Small wonder that Fleming said "With the old open source software we ran before switching to Microsoft, employees would tell us they felt like they were stepping back in time when they came to work."

So all you Linux mavens - is there a modern equipment hire application for your favoured operating system? Or an ERP application that, like Dynamics, can be used for this purpose?

And while we're looking for feedback, what do you experts have to say about Fleming's claim that "We also felt vulnerable to security breaches because of the less stringent authentication protocols compared with Microsoft Windows"?

As for "We also don’t miss the complaints about sluggish performance, applications seizing up, and disappearing icons that we used to get with open source", that sounds just like my Windows PC!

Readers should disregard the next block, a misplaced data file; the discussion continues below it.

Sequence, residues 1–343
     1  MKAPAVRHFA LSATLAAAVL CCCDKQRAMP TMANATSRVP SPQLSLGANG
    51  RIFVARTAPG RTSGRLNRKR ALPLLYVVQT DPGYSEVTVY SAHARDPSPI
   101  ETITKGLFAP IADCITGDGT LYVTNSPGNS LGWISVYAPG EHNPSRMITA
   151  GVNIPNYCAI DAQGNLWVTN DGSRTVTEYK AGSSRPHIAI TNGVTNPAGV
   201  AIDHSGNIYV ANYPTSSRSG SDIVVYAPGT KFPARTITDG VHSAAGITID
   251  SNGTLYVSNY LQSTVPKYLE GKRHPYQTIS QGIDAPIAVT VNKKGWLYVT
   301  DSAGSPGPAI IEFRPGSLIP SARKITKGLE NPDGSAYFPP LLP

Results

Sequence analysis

Another part of the money-saving equation seems to be that increasing the number of Windows based systems reduced the total licence fee by 20 percent.

That sounds odd to me. You'd have thought that adding at least 500 licences would increase, not decrease the cost. But according to Fleming, "We moved to a different banding in our existing Select Agreement, and then switched some areas to an Enterprise Agreement.

"The Enterprise Agreement will save us a lot of money by consolidating licensing."

If Speedy Hire really can save their million quid, all power to them.

But do those of you with knowledge of both Microsoft and open-source products think that is achievable? Tell us what you think.


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Stephen Withers

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Stephen Withers is one of Australia¹s most experienced IT journalists, having begun his career in the days of 8-bit 'microcomputers'. He covers the gamut from gadgets to enterprise systems. In previous lives he has been an academic, a systems programmer, an IT support manager, and an online services manager. Stephen holds an honours degree in Management Sciences and a PhD in Industrial and Business Studies.